Semro column: Promise of lower premiums could come at a high price
Here‘s what President Trump said on July 27, 2018. “And to Associated Health Plans. We’re giving Americans the ability – just opened – millions of people going to be signing up – millions and millions. We’re giving Americans the ability to join together to purchase much better and more affordable health care and health insurance.”
To begin with, they’re actually called “Association” Health Plans or AHPs. AHPs allow small employers and individuals to collectively purchase health insurance through an “association.” They can then pool their policy-holders as a group with the hope of reducing administrative expenses like larger group plans. Most AHPs organize around a common profession or industry group, like realtors, car dealers or dairy farmers. The association can hold the policy directly or it can self-insure its members’ medical claims.
AHPs aren‘t new and they’ve had a checkered past. The first version of AHPs were called Multi-Employer Welfare Arrangements, or MEWAs. Since their inception in the mid-1970s, MEWAs were so prone to fraud and abuse that Congress modified the law in the early 1980s to allow more extensive federal and state oversight.
Association Health Plans were introduced in the 1990s. Like MEWAs, many AHPs filed for bankruptcy, citing fraud or insolvency. Between 2000 and 2002, scams left more than 200,000 policy-holders with more than $252 million in unpaid medical bills. Between 2001 and 2003, four long-standing self-insured associations became insolvent, leaving $48 million in unpaid medical claims and 66,000 individuals and small businesses uninsured. Once again, sweeping federal and state reforms were implemented that reduced bankruptcies but made starting up new AHPs less attractive.
The Trump administration has now introduced new federal rules to promote the expansion of AHPs while stripping away many of their previous coverage and legal protections. These new rules (which take effect after September 2018) allow AHPs to be exempt from many of the ACA’s individual market rules, including the requirement to cover minimum essential benefits, as well as underwriting limits and participation in a single risk pool that keep premiums lower for many consumers. In addition, out-of-state AHPs may not be subject to all of the consumer protections in the state where they’re purchased.
Colorado’s Division of Insurance made the following statements when the Administration’s proposal was released:
“The Commissioner found a number of troubling areas regarding the expansion of these types of arrangements, but his overall concern is that they could put Colorado consumers at risk. Such plans have a history of financial instability, especially if they do not have enough state oversight. There is also concern that the federal government’s changes would weaken Colorado’s ability to regulate these plans and protect consumers.”
“As the proposed rule is written, there is a lot of wiggle room for these association health plans to go off the rails in ways that would hurt Coloradans’ wallets and their health coverage.”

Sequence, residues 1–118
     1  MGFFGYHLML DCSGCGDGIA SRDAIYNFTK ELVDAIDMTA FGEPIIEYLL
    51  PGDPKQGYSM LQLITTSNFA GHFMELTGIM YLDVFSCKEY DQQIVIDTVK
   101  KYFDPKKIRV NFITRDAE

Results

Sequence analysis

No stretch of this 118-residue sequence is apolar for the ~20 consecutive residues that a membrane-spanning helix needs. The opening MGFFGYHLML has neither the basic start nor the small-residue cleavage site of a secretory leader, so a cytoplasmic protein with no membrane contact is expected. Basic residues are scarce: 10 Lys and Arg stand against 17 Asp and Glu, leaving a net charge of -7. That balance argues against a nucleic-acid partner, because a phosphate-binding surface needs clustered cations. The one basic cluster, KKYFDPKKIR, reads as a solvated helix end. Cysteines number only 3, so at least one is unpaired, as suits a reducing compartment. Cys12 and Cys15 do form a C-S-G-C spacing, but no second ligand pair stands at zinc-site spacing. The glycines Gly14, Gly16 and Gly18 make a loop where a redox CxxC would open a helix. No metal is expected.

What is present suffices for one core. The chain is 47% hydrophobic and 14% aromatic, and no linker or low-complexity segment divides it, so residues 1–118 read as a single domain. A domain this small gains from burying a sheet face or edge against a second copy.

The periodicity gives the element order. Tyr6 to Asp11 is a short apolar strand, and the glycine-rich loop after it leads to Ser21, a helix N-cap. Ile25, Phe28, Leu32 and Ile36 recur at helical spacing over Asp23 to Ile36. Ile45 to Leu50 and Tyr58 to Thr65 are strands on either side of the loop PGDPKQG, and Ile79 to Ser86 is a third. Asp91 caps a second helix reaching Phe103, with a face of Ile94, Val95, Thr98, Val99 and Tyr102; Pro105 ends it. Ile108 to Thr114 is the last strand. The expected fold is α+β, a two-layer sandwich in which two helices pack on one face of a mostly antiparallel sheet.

“It’s a lose-lose proposition to chase lower premiums that may not materialize.”
Unfortunately, it doesn’t end with fraud and fewer consumer protections. According to the American Academy of Actuaries, since the administration will allow AHPs to operate under different rules than other plans in the individual health insurance market, younger and healthier policy-holders may leave that risk pool. This would further fragment the market, increasing premiums for older and less healthy people.
Actuaries say that it’s very unlikely that AHPs will be able to attract enough policy-holders to negotiate lower provider payment rates like larger insurance companies. As a result, AHPs can only lower premiums by significantly reducing health benefits, charging higher out-of-pocket costs and by attracting younger and healthier policy-holders who file fewer claims.
Even long-standing supporters of AHPs are refusing to implement these plans, albeit for different reasons. The National Federation of Independent Business (NFIB), a group that has supported AHPs for the last 20 years, now refuse to set one up, calling the new Trump administration rules “unworkable.” Similar associations, like the National Association of Realtors, won’t commit to setting up an AHP either.
One has to wonder if “millions and millions” of Americans will be signing up.
Finally, as a follow up to my column in April, the rules for another Trump administration proposal on extending short-duration health insurance plans have now been finalized. These plans don’t cover pre-existing conditions, offer very skimpy benefits, have high out-of-pocket costs and can charge older people much higher premiums. On Aug. 1, the Colorado Division of Insurance released a consumer advisory entitled, “Short term health plans can fall short – not covering pre-existing conditions and the limits on benefits could leave consumers with big medical bills.” Consumers need to read this advisory before even considering one of these plans.
Bottom line, whether we’re taking about AHPs or short-duration plans, the promise of lower premiums may ultimately come at a high price for some consumers and businesses should they actually have to use their health insurance.
Bob Semro of Glenwood Springs is a former health policy analyst for the Bell Policy Center, and a legislative and senior advocate.